Express Scripts Inc. has reached a settlement with 28 states that alleged the pharmacy benefits manager (PBM) misled consumers when it encouraged doctors to switch patients’ cholesterol drug brands under the guise of controlling costs. The agreement resolves a four-year investigation of St. Louis-based Express Scripts. This isn’t the first time a PBM has been caught cheating the government. It follows a similar $38.5 million multistate settlement in February with a rival PBM, and a 2004 drug-switching settlement with Medco Health Solutions Inc. As a result of these settlements, state attorneys general believe they “have changed how these companies treat patients and doctors when they ask to change their prescription medications.” As a part of the settlement with Express Scripts, the company must disclose full information and the reason for the proposed switch. In fact, that appears to be the most significant part of the settlement. These disclosures must be “clear and conspicuous.”
Express Scripts will pay $9.3 million of the total settlement to the states and the District of Columbia. Another $200,000 will be paid which will provide no more than $25 per claimant to individual patients to reimburse them for visits to doctors and tests linked to switches between rival brands of cholesterol-controlling drugs known as statins. The participants in the settlement are: Alabama, Arizona, Arkansas, California, Connecticut, Delaware, Florida, Illinois, Iowa, Louisiana, Massachusetts, Maryland, Michigan, Mississippi, Missouri, Montana, Nevada, New Mexico, North Carolina, Ohio, Oregon, Pennsylvania, South Carolina, South Dakota, Tennessee, Texas, Vermont, Virginia, Washington and the District of Columbia. The same states were involved the settlement mentioned above with Caremark’s parent company, CVS Caremark Corp. Express Scripts fraudulently told doctors in some cases that patients and their health plans would save money by switching to a different drug brand to treat the same condition. Express Scripts failed to disclose to its client plans that money earned by Express Scripts accrued from the drug switching process would be retained by the company. Instead, it wasn’t passed on to the client plan.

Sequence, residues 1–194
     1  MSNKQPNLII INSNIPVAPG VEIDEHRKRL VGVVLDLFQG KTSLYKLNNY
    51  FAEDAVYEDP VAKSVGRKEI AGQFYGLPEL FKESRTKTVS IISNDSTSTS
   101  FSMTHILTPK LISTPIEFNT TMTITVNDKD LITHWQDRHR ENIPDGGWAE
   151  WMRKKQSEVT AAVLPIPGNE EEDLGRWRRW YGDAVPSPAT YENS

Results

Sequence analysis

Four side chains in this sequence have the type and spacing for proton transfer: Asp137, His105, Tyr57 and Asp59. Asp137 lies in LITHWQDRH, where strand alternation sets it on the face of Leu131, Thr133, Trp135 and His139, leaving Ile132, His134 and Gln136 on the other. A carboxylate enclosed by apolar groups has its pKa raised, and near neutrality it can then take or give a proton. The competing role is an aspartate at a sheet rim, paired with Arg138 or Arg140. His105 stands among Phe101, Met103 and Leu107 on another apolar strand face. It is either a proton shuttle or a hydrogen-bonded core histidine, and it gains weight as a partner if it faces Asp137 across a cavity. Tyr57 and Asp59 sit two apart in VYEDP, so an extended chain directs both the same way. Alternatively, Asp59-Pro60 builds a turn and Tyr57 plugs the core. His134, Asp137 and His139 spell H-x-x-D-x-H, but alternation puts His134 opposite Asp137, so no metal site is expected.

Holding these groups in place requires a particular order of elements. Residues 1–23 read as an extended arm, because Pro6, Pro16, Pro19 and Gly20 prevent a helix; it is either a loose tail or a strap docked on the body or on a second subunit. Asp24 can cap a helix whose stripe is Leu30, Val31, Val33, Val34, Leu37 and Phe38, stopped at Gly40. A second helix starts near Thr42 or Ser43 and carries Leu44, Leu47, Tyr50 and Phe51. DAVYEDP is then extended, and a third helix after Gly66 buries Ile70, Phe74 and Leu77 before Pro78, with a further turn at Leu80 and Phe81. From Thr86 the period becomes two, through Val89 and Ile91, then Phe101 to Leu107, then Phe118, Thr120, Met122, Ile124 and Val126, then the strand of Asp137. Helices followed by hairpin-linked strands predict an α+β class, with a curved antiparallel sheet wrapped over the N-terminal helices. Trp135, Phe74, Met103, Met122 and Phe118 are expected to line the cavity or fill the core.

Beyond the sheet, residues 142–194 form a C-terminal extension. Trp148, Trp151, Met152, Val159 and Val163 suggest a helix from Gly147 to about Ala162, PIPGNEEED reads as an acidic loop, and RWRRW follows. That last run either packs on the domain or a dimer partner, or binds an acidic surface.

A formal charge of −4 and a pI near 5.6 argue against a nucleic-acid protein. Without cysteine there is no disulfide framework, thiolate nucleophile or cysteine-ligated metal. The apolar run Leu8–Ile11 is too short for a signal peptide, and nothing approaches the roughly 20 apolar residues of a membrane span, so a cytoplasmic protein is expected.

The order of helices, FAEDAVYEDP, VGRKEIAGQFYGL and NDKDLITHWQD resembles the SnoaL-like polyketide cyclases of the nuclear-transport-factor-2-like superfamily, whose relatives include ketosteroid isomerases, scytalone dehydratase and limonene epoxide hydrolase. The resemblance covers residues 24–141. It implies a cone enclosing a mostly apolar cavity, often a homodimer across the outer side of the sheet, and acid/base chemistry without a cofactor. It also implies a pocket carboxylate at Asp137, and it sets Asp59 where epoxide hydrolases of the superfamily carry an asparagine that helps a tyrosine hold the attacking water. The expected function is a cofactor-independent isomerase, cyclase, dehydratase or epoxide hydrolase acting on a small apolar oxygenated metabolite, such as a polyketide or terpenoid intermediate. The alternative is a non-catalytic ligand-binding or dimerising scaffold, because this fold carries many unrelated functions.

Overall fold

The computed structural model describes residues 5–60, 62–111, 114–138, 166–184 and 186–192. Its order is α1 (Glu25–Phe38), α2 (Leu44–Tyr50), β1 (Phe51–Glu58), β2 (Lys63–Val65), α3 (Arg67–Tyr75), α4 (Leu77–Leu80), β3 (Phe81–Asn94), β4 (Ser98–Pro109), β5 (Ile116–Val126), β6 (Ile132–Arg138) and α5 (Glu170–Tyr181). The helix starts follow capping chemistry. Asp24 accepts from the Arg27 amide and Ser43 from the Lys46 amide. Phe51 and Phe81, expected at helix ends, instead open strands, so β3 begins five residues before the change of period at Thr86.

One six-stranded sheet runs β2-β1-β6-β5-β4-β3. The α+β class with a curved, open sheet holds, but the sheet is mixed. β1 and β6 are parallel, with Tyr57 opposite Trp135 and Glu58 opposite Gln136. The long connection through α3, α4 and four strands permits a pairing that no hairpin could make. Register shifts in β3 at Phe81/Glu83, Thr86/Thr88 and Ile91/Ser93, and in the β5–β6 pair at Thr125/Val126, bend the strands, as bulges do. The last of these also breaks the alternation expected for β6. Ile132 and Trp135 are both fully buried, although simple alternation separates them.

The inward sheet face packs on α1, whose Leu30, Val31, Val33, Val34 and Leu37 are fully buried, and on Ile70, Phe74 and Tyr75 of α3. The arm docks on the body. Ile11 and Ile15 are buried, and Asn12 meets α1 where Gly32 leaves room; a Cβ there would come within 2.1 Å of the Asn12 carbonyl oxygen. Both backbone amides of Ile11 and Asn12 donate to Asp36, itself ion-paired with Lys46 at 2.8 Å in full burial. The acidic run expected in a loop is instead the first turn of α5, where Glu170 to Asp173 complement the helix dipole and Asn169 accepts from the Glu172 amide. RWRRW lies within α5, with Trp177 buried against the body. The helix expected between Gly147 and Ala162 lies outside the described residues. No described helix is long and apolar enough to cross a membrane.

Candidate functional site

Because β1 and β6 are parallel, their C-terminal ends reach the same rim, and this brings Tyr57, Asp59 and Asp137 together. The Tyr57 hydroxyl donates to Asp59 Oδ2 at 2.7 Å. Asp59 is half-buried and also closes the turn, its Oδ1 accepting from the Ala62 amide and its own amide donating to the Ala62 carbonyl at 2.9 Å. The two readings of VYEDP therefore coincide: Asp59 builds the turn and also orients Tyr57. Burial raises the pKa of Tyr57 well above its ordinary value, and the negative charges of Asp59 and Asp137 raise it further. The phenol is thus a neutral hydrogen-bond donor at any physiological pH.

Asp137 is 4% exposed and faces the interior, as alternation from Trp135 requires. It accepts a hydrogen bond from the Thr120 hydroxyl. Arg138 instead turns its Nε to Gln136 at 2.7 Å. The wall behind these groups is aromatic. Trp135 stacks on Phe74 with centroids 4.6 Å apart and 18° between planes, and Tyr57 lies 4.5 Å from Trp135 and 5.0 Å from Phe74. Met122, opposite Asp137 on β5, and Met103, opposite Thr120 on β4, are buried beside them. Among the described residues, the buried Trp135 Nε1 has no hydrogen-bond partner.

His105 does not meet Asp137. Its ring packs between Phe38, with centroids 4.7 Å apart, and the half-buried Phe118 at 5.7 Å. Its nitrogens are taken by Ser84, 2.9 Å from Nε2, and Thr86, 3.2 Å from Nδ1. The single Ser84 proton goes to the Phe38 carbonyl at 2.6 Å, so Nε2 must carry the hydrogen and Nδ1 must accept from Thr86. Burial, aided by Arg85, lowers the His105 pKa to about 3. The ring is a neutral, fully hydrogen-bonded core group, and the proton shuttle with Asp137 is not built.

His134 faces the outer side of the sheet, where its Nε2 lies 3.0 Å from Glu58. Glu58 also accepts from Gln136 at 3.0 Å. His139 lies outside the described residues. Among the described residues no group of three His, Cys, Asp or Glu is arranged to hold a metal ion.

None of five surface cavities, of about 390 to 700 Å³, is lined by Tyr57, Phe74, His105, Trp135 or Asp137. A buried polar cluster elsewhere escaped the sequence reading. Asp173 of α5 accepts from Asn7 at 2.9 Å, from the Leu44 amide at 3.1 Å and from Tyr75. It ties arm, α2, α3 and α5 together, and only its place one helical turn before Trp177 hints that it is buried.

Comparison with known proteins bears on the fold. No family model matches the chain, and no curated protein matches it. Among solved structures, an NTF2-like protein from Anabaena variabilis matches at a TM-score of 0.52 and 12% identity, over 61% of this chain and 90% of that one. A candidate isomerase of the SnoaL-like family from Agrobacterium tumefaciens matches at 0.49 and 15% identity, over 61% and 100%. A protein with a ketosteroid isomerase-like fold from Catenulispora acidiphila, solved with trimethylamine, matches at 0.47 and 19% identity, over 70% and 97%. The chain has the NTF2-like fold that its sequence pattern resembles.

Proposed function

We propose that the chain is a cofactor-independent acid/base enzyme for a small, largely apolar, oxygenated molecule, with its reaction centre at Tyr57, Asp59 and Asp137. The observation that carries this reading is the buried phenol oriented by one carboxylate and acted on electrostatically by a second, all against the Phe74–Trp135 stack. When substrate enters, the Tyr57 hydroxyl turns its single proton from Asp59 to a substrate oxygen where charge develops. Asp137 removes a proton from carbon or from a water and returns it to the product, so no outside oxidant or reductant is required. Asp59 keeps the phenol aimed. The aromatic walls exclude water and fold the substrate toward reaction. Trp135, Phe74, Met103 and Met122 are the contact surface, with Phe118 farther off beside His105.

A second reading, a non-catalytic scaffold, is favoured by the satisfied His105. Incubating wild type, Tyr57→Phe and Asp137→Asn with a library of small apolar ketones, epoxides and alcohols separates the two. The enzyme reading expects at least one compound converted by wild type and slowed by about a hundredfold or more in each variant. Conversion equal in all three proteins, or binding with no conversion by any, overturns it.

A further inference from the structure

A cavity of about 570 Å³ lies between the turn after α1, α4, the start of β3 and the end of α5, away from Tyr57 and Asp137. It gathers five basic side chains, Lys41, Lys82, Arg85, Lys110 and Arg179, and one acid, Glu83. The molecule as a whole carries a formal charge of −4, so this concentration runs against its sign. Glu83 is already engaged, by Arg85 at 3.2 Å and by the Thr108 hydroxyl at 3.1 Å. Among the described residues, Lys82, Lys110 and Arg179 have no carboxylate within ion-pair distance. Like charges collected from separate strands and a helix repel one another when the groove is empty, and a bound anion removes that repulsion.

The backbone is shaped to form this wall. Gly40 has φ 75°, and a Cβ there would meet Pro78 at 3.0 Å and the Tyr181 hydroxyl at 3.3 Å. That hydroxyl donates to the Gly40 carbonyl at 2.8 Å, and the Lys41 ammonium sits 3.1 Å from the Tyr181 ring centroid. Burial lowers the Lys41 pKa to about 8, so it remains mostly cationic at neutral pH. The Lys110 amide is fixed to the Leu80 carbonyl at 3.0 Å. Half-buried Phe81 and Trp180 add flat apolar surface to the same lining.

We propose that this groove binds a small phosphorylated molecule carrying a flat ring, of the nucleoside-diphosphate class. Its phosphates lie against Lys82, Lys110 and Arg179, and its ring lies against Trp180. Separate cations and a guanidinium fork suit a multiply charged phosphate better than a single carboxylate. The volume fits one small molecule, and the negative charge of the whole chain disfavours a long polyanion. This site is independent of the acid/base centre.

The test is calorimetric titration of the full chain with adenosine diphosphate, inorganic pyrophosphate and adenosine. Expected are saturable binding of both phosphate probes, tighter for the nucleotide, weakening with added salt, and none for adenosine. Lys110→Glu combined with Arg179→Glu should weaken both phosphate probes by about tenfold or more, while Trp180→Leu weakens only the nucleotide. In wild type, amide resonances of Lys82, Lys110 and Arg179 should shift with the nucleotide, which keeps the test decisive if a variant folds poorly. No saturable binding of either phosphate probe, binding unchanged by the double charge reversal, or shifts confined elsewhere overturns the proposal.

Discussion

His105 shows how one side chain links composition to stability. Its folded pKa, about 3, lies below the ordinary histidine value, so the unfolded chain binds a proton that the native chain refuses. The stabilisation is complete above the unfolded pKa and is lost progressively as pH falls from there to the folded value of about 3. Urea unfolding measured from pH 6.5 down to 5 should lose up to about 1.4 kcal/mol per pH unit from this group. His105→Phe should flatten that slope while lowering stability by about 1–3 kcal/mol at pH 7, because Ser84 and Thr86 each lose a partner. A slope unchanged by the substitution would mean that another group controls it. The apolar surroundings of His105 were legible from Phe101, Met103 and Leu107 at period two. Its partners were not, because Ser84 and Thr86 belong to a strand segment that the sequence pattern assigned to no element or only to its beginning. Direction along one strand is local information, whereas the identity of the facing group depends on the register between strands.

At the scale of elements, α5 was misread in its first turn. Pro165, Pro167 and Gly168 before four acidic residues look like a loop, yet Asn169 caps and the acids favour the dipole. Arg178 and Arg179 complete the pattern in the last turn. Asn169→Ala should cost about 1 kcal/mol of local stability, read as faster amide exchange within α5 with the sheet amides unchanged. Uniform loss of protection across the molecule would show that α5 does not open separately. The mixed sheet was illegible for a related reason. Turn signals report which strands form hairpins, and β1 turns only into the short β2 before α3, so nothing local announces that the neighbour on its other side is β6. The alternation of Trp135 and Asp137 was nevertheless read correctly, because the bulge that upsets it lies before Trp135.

While the amount to be paid under the settlement was small, it’s believed by the Attorneys General that the changes brought about in how Express Scripts will operate in the future are significant. This is just another example of corporate fraud by companies dealing with government programs. There is a belief in a good number of corporate boardrooms that cheating the federal and state governments is acceptable. That sort of thing can’t be tolerated since it costs the taxpayers a great deal of money. In fact, I would like to hear somebody explain why it’s OK to cheat the government!
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